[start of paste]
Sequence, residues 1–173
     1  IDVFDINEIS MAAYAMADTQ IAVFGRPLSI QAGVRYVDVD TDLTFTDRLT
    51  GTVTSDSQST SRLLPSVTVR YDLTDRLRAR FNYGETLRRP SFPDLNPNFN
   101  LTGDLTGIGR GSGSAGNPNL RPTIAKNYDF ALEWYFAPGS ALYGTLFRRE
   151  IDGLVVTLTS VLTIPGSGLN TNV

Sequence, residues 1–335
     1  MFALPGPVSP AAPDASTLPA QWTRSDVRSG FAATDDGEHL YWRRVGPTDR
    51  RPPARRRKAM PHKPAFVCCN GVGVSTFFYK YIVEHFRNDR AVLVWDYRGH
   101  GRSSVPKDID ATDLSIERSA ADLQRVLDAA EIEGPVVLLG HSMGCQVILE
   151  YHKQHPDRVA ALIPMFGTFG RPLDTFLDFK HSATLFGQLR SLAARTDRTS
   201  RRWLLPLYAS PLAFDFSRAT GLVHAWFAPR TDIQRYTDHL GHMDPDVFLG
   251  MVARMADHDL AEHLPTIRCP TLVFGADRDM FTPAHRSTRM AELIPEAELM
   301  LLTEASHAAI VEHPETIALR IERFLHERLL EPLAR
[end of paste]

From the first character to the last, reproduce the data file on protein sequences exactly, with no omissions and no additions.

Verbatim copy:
Sequence, residues 1–173
     1  IDVFDINEIS MAAYAMADTQ IAVFGRPLSI QAGVRYVDVD TDLTFTDRLT
    51  GTVTSDSQST SRLLPSVTVR YDLTDRLRAR FNYGETLRRP SFPDLNPNFN
   101  LTGDLTGIGR GSGSAGNPNL RPTIAKNYDF ALEWYFAPGS ALYGTLFRRE
   151  IDGLVVTLTS VLTIPGSGLN TNV

Sequence, residues 1–335
     1  MFALPGPVSP AAPDASTLPA QWTRSDVRSG FAATDDGEHL YWRRVGPTDR
    51  RPPARRRKAM PHKPAFVCCN GVGVSTFFYK YIVEHFRNDR AVLVWDYRGH
   101  GRSSVPKDID ATDLSIERSA ADLQRVLDAA EIEGPVVLLG HSMGCQVILE
   151  YHKQHPDRVA ALIPMFGTFG RPLDTFLDFK HSATLFGQLR SLAARTDRTS
   201  RRWLLPLYAS PLAFDFSRAT GLVHAWFAPR TDIQRYTDHL GHMDPDVFLG
   251  MVARMADHDL AEHLPTIRCP TLVFGADRDM FTPAHRSTRM AELIPEAELM
   301  LLTEASHAAI VEHPETIALR IERFLHERLL EPLAR